In the middle of the nineteenth century, my great-grandparents set sail from England and Ireland, seeking a better life in Australia. They had no guarantees that they would ever arrive, let alone ever go back again.
Photo by Lim Kim Chye & Yian
Every year millions of birds make a journey that is even more dangerous and uncertain. They aren’t driven by despair or hope, as my ancestors probably were, but by instinct — and they have even less chance than my great grandparents had of making it safely. Some estimates say that fifty percent of migratory birds on their first round trip don’t get back again to the place where they are born.
Poverty made my ancestors take the risk; migratory birds don’t really have a choice. From the moment of birth they are programmed to take that journey repeatedly. So why has nature inserted a programme so inherently risky into their genes? It’s fairly obvious why they leave their birthplace — it gets too darn cold and food resources vanish. But why, once they are enjoying the balminess of tropical forests, do they go north again? It doesn’t get cold here, the food doesn’t suddenly disappear; why not stay, nest, and forget about that dangerous trip back?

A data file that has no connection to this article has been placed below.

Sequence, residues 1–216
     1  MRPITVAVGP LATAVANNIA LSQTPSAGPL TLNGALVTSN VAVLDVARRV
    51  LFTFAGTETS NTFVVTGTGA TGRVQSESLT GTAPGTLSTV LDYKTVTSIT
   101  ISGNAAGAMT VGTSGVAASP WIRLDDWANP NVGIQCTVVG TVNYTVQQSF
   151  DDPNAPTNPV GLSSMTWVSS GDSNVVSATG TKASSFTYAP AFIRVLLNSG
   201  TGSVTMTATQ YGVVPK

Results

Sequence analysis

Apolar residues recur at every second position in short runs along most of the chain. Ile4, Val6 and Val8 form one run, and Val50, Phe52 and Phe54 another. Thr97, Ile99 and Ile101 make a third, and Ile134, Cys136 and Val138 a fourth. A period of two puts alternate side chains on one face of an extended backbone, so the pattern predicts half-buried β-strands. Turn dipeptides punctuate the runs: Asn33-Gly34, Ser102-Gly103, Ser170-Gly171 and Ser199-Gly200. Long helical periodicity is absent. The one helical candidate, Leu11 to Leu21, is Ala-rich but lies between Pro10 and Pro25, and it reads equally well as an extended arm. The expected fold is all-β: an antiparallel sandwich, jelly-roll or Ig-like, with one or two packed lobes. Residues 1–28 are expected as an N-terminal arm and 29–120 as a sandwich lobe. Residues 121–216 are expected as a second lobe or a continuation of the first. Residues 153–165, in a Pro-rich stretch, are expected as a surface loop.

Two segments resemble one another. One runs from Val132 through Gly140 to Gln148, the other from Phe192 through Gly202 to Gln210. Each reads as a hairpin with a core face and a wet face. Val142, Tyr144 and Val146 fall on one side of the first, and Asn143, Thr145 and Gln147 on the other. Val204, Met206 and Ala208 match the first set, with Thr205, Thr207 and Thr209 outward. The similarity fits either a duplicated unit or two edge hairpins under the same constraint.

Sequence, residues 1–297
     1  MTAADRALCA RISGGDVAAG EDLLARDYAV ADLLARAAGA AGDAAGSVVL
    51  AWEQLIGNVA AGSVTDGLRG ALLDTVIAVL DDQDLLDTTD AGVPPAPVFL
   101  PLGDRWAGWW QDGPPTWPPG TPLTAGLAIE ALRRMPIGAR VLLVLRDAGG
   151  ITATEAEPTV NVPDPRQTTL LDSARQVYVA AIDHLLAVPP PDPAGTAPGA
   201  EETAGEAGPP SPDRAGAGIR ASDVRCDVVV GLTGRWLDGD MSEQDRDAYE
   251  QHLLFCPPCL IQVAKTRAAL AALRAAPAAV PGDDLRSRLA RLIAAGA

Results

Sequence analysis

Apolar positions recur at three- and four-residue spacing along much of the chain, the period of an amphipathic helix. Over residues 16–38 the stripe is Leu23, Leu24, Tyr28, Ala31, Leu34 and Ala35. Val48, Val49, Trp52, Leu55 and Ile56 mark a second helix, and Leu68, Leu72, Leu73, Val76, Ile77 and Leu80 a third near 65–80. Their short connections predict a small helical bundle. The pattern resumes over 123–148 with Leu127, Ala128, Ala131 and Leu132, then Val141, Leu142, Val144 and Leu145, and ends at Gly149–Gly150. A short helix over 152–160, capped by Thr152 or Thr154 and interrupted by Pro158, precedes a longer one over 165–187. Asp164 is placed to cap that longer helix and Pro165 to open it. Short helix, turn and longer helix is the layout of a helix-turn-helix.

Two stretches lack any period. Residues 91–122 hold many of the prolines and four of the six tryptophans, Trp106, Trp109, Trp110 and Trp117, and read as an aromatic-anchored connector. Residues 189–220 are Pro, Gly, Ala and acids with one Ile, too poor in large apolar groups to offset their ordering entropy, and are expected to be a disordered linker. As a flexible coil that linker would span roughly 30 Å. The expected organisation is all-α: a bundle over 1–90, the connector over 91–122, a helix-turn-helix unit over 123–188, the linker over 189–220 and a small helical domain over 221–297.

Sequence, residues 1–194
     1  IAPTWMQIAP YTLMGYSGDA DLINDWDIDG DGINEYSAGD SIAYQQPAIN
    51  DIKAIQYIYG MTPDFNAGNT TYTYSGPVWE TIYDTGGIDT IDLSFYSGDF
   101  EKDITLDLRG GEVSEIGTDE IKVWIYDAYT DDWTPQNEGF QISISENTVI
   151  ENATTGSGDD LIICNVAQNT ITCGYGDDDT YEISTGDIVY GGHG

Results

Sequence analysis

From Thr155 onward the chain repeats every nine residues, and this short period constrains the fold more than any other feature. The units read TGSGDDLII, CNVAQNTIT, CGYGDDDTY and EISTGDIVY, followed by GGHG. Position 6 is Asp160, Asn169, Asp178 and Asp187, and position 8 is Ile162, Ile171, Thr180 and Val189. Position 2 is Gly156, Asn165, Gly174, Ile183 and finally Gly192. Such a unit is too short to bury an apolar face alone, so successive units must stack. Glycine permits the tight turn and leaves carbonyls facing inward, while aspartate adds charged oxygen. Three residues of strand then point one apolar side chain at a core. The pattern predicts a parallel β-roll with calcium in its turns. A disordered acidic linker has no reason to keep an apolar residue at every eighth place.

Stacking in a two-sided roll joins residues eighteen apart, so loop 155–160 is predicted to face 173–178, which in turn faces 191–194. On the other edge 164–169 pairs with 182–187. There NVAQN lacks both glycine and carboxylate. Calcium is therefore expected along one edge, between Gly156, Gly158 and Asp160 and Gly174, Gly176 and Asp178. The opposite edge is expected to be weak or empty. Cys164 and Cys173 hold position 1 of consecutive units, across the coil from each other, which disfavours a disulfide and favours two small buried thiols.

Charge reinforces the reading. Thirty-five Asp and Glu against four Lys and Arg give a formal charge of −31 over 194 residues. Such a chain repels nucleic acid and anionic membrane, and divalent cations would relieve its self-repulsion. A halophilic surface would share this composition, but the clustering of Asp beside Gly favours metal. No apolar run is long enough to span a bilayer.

The individual bird, of course, doesn’t have a choice. His instincts tell him to get going and he goes…but nature does things for a reason. In this case, the abundance of nutritious, high-protein food in the short summers of the north makes the journey worth the risk. If he stayed here, he would be in competition with the locals — who would be feeding hungry youngsters too.
The simple truth, then, is that for the species as a whole, the benefits outweigh the risks, and the kids profit. Probably my ancestors thought along the same lines, although in more personal terms. (Risk-taking worked for them, I’m happy to say!)
Over the next couple of weeks you are going to see me writing a lot on this subject – because our local Raptor Watch is coming around again, organised by the Malaysian Nature Society.
If you are in Malaysia, make a date to be in at Cape Rachado (Tanjung Tuan) on the 4th and/or 5th March down in Malacca (Melaka), just south of Port Dickson. Look this website for more info: www.raptorwatch.org
Or watch this space.